A strong second half performance saw Wellington College secure the U15 NatWest Cup with a 25-12 victory over Warwick School at Twickenham Stadium.
After losing in last year’s final to Sedbergh, Wellington’s team from that game showed their class to win the U16 title at Rosslyn Park, and now the U15s have avenged that final defeat last year here at Twickenham.
In destroying Warwick’s hopes of being the only school to equal their stunning achievement of winning both the U15 and U18 titles on the same day, Wellington College have also achieved a quite brilliant record of their own in winning this U15 NatWest Cup title.
They are now the holders of the U18 Daily Mail Trophy, the U16 Rosslyn Park HSBC National School 7s, and the U15 NatWest Schools Cup, a quite stunning trio of achievements that surely makes them the most dominant school in the country across all age-groups.
They had to work as hard as they have all season for this title though, for if any school right now is in a position to challenge Wellington’s claim to be the most dominant school across the age-groups, Warwick are, such has been there record in the last few years of reaching, and winning, U13, U15, and U18 finals.
Most sides that have faced Wellington College this season have buckled under their physical prowess, but not Warwick, not in this final. Though smaller, they absorbed everything that Wellington College threw at them, but sometimes even that is not enough.
Skipper and tighthead Fin Baxter, a player already showing signs of a big future, played a huge part in making the difference between the two sides, scoring a brace of tries in an all-action performance.
His first try came after just three minutes, a well worked move from a 5 metre lineout that gave his team an early lead with the conversion from full back Max Thomas.
Well worked set-piece moves were to prove something of a theme through this game, some of which were quite something to behold.
Perhaps the move of the game came some ten minutes later as Warwick levelled things up with a try of stunning mystery an beauty. A midfield scrum near halfway gave them a superb attacking platform, and as they feigned the entire team to the left, openside and captain Jack Forsythe popped up with the ball on the right. Tearing away into the open field, he put in a wonderful step on Thomas to saunter under the posts for the most spectacular leveler once scrum half Jack Aston’s conversion was landed.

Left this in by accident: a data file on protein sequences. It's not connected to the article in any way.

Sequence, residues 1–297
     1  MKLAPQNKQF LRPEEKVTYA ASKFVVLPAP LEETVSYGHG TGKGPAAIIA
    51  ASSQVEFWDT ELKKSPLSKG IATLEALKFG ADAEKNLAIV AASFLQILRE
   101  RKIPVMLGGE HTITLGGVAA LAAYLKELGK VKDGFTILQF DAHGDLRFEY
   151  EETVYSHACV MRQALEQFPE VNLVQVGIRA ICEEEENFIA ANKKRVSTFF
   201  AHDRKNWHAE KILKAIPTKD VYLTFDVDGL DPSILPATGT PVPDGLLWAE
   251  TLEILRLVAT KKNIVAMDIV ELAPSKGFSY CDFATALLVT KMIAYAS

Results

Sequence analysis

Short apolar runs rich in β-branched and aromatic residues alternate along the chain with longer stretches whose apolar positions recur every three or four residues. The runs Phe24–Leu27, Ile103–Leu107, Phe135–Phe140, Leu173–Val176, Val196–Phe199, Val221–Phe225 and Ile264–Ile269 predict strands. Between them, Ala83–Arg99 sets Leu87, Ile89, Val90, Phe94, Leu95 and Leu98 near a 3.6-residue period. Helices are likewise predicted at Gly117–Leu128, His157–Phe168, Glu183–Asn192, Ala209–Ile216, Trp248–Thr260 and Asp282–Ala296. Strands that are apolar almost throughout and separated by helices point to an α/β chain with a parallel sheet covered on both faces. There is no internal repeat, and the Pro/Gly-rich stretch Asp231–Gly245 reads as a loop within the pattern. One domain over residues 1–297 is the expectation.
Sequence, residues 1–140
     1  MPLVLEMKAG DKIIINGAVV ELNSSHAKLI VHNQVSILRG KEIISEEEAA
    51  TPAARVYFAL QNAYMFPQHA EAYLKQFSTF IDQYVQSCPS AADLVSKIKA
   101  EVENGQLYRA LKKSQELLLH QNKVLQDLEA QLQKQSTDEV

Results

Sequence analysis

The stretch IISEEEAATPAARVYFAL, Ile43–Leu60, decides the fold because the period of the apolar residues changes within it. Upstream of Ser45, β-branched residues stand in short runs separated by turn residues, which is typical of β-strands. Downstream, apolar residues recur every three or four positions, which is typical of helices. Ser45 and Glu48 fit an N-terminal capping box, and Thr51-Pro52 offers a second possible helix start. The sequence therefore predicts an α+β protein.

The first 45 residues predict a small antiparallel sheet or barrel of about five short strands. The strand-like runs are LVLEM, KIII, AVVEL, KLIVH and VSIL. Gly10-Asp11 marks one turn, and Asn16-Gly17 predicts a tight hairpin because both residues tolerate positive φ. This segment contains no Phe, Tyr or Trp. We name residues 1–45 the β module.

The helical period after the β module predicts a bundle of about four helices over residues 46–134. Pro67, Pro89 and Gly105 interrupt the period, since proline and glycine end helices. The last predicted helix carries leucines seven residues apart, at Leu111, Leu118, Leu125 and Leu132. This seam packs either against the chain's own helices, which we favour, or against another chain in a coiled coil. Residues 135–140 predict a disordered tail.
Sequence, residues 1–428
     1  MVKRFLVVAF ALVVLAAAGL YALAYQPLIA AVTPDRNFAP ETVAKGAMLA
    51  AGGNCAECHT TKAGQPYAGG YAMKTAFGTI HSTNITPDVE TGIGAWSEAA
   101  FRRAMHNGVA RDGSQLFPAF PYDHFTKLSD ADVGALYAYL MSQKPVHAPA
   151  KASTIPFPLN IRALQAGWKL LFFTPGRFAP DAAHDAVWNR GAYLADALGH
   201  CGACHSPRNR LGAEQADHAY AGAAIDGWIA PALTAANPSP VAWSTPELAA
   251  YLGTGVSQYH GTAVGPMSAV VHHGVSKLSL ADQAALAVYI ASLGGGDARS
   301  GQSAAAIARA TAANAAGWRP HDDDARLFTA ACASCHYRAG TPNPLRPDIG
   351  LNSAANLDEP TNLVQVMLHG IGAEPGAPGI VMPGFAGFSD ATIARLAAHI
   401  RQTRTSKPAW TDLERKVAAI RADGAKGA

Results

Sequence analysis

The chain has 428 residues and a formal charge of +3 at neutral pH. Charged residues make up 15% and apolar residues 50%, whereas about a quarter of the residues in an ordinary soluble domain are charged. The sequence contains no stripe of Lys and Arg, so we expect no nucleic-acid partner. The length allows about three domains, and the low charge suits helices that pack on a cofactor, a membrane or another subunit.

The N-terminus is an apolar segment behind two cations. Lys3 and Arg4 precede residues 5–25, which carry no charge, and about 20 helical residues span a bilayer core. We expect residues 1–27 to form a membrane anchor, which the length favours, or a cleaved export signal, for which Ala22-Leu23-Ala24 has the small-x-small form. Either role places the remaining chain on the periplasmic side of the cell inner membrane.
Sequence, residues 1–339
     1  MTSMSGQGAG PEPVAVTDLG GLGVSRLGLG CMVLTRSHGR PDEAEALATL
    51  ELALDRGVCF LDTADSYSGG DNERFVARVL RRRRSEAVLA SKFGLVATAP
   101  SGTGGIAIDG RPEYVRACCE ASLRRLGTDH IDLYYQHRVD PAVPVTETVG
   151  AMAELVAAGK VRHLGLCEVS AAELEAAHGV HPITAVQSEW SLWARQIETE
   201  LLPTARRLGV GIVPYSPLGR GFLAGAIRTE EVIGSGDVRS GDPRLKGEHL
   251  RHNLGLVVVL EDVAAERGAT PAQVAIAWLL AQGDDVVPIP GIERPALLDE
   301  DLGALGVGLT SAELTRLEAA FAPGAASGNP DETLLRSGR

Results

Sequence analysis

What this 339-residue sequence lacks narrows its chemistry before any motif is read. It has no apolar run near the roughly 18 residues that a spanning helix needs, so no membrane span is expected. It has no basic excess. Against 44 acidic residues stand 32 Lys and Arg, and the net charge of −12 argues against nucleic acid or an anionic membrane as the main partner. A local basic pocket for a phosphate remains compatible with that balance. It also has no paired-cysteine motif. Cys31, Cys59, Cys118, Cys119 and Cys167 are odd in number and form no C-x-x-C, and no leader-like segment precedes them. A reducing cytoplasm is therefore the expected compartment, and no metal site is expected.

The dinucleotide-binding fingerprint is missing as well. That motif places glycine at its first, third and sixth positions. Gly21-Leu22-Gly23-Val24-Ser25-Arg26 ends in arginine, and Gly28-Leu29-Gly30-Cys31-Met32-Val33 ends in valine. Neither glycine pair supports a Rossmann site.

As far as first half points went though, that was it; this was a tense and physical battle, a battle of wills as much as skills, as these two schoolboy heavyweights went in at the break tied at 7-7.
As in the first half, Wellington College came flying out after the kick off, scoring through full back Max Thomas with a clever move of their own from a scrum, he picked a glorious line to scythe through, sending his team 12-7 clear.
Five minutes later it was time for Baxter to add his second as he tied up the man of the match award. Lurking on the wing, the big prop was there to pounce when his winger went close, picking the ball up and driving over from close range for a 17-7 lead.
From there the game could easily have been taken away from Warwick, and against many others that is exactly what this impressive Wellington College group have done, however this Warwick group is a special group indeed, and they were not going to wilt. Just four minutes after Wellington had scored, Warwick hit back, with full back Ethan Evan-Cook clutching onto a superb crossfield kick to dot down and close the gap right back up again at 17-12.
For ten minutes the game was truly in the balance, only for another stunning set piece move, completed by the most gorgeous line from substitute winger George Morrison, sent Wellington back out to a ten point lead at 22-12.
As time ticked on, Wellington slowed down the pace of the game, knowing that Warwick had to chase it, and a Thomas penalty with five minutes to play gave them a thirteen point lead, meaning Warwick would need two converted tries to win the game.
It was mature stuff from Wellington College, as was their entire performance. What this school has achieved, both today and throughout the year is truly outstanding and they deserve to be mentioned in the same breath as those legends of 2008.
Warwick deserve their mention too though, they have been excellent all season, and contributed enormously to a game with a skill level and physicality that would not have looked remotely out of place at a higher age-group.
It was the end of a history chasing dream for them, but for Wellington College this truly was a victory that adds to their already outstanding legacy. This group of players could well go on to achieve even more as the years go on, on today’s evidence, they are that good.
Full Time: Wellington College 25-12 Warwick
Image Credit: Wellington College Rugby
15 Max Thomas, 14 Paul Dewey, 13 Harry Cain, 12 Charlie Bradbury, 11 Alex Teague, 10 Michael O’Donoghue, 9 Finn Livingstone-Learmouth, 1 Marcus Rhodes, 2 Lucas Brooke, 3 Fin Baxter (c), 4 Arvind Singh, 5 Max Watson, 6 Nick Teague, 7 Cassius Forshaw, 8 Ted Johnson.
Replacements: 16 Ben Murrin, 17 Alessandro Heaney, 18 James Kinnear, 19 Tommy Offer, 20 Guy Bryer, 21 Monty Bradbury, 22 George Morison.
15 Ethan Evan-Cook, 14 Max Hayward, 13 Harry Spencer, 12 Tom Boorman, 11 Ben Beresford, 10 Finlay Smith, 9 Jack Aston, 1 Tom Durant, 2 Matt Rigby, 3 Tom Hales, 4 Will Pugh, 5 Dan May, 6 Kai Nwangwa, 7 Jack Forsythe (c), 8 Will Banfield.
Replacements: 16 Will Dudley, 17 James Parker, 18 Giles King, 19 Cameron Dunn, 20 Will Mobberley, 21 Tom Patrick, 22 Kunwoo Ha.